PAPERS Resources

AAR Annual Meeting
San Diego, CA
November 23-26, 2019

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Sessions
A26-121
Christian Systematic Theology Unit
Theme: Trauma, Disability, and Grace
Jessica Wong, Azusa Pacific University, Presiding
Tuesday - 10:30 AM-12:00 PM
Convention Center-21 (Upper Level East)

How do recent studies in the areas of trauma and disability affect our understanding of the nature and communication of grace? This session will explore these questions, as well as the notion of covenant and its relation to norms.

Hannah Jones, University of Chicago
God, Trauma, and the Grace of Survival

Trauma is paradigmatically the suffering that remains, haunting the survivor in ways uncontrollable or unwelcome. As such, trauma has posed problems for Christian conceptions of redemption. I make explicit the conceptions of God which underlie reformulations of redemption attempted by theologies of trauma. I argue that these theologies either present a God who does not fully identify with the traumatized or present God in ways that valorize human suffering. Ultimately, I aim to sketch an account of God that falls into neither problem, turning particularly to Christ’s incarnation and the role of grace. Drawing on Friedrich Schleiermacher along with feminist and womanist theology, I contend that if one gets clear on the relevant distinctions between the human and divine natures, which are nevertheless unified in Christ, one can see how it is that God can both identify with traumatic suffering while not justifying such suffering in human life.

Calli Micale, Yale University
Touch, Disability, and the Communication of Christ’s Spirit

Disability theologians have seriously critiqued Christian accounts of redemption as reproducing figures of intellectual normalcy. These theologians argue for an alternative framing that does not emphasize the criterion of cognitive assent, but rather relationality—especially a kind of relationality derived from experiences of touch. Responding to recent developments in disability theology, which tend toward either a positive or negative evaluation of touch, this exploratory paper elaborates a more nuanced position. For example, I consider ways that benign, or even benevolent, touch can elicit negative affect. In the end, I argue that if interactions of touch are genuine sites for the transmission of Christ’s spirit, then the social forces and personal histories that distort action and its reception cannot be ignored. While remaining sensitive to the inevitable risks, the paper concludes to gesture toward a theological solution, allowing for communication through touch, that depends exclusively on grace.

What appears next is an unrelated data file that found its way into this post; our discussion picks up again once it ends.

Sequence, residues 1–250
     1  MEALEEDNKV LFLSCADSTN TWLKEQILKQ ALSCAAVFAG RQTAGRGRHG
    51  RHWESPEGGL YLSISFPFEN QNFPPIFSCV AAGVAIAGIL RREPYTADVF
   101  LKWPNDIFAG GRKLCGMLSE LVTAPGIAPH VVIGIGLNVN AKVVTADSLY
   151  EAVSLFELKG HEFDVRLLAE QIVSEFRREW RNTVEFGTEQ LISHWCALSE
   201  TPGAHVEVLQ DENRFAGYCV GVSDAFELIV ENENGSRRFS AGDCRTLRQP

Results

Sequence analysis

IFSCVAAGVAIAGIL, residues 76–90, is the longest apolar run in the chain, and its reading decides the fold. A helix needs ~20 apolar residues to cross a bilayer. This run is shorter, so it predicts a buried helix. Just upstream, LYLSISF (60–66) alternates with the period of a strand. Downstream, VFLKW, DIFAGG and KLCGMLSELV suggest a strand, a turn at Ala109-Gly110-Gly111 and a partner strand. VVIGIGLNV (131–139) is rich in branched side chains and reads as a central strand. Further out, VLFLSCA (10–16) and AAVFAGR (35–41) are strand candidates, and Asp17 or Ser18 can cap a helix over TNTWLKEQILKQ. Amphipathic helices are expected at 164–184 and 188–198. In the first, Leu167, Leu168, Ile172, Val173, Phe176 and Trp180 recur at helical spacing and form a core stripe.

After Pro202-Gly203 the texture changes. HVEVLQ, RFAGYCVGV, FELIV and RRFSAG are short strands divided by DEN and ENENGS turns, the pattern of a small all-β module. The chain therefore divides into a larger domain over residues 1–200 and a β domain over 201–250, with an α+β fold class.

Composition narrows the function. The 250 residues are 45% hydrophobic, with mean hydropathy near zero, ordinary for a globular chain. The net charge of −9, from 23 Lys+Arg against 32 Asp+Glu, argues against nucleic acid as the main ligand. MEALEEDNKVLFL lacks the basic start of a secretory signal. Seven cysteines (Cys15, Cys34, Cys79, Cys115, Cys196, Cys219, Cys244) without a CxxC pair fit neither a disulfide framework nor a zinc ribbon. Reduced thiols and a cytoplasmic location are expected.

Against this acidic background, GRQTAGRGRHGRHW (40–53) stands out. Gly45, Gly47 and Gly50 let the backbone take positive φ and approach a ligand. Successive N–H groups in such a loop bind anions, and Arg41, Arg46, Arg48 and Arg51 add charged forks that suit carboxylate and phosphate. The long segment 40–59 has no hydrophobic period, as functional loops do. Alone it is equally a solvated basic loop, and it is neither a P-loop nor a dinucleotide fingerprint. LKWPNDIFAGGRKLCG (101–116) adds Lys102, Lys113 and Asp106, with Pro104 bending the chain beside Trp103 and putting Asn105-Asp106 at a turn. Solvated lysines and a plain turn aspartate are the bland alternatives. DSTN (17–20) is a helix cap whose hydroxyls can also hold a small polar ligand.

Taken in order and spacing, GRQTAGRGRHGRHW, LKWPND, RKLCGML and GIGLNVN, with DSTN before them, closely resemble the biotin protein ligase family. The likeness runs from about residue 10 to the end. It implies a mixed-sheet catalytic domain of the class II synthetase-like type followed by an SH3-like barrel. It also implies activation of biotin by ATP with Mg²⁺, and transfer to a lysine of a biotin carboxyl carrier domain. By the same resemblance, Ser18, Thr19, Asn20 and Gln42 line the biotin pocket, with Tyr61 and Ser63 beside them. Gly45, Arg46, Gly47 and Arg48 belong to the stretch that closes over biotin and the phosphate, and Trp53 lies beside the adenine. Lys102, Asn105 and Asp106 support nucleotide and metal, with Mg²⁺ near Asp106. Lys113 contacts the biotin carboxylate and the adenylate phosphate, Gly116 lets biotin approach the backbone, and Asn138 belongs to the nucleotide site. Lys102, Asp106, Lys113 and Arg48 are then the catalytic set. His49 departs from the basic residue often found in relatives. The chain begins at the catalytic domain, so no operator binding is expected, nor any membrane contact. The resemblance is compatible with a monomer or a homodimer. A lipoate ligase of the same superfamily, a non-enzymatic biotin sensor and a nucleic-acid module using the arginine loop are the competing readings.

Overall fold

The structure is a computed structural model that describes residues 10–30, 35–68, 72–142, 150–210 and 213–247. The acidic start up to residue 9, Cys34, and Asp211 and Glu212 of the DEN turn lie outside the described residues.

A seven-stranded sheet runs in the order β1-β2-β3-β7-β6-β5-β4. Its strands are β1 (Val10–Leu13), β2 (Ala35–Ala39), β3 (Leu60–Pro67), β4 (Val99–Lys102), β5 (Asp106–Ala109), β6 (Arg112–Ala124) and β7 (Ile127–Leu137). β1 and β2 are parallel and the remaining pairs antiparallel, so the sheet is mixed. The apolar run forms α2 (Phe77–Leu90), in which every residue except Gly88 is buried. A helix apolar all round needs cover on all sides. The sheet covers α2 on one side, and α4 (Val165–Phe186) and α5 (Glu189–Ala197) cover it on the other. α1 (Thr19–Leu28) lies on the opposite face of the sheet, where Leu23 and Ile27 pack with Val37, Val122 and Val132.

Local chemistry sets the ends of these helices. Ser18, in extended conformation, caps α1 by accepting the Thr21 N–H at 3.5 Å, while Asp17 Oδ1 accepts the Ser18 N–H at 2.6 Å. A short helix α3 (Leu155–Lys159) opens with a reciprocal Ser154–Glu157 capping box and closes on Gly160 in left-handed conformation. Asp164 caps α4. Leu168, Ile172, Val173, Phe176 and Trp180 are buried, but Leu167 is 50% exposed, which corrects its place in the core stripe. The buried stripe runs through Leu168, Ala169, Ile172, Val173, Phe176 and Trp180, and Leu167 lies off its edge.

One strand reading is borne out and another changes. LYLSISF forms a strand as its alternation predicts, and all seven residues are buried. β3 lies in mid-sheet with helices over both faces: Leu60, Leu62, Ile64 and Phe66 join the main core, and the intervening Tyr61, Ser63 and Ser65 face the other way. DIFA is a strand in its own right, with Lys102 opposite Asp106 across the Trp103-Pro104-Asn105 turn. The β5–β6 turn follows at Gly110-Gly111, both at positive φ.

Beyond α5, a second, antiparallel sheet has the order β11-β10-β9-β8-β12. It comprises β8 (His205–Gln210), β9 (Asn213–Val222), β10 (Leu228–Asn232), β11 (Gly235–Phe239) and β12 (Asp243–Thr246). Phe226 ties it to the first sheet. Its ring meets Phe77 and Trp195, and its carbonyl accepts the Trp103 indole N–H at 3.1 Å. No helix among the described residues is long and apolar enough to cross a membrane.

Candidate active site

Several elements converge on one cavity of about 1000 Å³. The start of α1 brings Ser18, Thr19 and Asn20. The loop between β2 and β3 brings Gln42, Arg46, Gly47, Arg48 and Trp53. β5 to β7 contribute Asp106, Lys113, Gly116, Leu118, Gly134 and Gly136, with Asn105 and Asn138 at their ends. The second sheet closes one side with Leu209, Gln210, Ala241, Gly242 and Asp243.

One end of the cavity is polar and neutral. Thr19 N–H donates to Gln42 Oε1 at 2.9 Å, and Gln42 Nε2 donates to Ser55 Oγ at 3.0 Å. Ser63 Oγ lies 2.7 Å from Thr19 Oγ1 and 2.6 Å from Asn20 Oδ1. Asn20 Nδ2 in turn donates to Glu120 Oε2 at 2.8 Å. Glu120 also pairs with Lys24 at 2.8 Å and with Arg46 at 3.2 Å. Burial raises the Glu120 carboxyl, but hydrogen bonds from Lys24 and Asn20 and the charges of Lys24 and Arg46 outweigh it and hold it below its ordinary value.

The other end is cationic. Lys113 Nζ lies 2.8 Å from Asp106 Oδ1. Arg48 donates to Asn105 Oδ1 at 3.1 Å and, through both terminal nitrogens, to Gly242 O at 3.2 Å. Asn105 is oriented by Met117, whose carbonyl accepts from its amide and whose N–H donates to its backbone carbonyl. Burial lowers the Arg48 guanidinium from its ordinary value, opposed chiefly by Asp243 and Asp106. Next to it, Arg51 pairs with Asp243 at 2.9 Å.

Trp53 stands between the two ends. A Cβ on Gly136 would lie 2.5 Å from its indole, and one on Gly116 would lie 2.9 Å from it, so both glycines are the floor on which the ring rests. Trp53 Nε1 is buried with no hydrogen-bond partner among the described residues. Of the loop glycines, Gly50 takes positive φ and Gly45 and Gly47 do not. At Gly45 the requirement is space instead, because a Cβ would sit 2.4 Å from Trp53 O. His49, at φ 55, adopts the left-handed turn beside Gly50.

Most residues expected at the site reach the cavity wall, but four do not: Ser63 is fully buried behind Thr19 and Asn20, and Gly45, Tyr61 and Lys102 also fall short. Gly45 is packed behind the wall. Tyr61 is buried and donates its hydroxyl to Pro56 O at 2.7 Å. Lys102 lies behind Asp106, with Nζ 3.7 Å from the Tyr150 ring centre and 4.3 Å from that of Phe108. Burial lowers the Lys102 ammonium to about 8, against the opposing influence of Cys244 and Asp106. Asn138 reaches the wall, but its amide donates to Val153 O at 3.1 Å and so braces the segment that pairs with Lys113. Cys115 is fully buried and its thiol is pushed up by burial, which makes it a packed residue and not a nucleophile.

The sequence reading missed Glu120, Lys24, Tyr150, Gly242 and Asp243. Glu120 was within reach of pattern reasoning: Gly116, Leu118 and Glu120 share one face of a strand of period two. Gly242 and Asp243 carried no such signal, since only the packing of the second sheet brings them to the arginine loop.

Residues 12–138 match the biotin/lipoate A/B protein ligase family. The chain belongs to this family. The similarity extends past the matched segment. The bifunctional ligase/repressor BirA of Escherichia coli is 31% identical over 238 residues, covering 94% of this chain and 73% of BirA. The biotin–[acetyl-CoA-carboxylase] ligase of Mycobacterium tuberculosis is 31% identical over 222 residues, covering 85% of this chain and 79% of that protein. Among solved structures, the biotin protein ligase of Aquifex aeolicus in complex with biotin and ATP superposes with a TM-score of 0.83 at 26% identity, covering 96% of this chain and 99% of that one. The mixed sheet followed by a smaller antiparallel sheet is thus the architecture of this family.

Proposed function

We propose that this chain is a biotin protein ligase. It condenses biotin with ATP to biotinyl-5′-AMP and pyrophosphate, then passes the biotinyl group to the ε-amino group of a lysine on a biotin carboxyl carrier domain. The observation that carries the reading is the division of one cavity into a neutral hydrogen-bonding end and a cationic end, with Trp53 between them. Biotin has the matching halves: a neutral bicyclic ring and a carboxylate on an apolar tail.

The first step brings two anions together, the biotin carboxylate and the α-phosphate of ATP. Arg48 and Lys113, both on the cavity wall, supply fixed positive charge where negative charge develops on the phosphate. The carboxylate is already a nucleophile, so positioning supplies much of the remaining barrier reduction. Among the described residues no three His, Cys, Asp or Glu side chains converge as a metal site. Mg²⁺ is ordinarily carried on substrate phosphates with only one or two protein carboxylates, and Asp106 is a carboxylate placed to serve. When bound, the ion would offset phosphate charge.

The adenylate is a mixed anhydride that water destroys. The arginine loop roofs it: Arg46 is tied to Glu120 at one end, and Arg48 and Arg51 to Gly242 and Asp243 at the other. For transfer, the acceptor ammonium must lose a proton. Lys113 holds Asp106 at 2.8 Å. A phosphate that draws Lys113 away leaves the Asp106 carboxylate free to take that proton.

Charles Guth, Princeton Theological Seminary
Binding Grace: On Covenants, Norms, and Conditions

Divine-human covenants are central to the Reformed tradition’s theology of grace, but post-Barthian critics claim that much of this tradition was corrupted by “legalism.” According to J. B. Torrance, God’s covenant is truly gratuitous only if unilateral and unconditional. Drawing upon philosophical work on normative pragmatics, I argue this understanding of covenants is importantly mistaken. Covenants are essentially multilateral and are not unconditional in one salient sense because they essentially confer normative roles and obligations on each party. Recognizing this is crucial for avoiding the danger that ideals of unconditionality will ideologically reinforce oppression, a danger I illustrate with empirical evidence concerning abusive marriages. The grace of God’s covenant consists not in unconditionality but in God’s binding Godself to humans, and humans to God, in a relationship that is valuable for its own sake. I conclude by showing how worries about legalism can be accommodated within this understanding of covenants.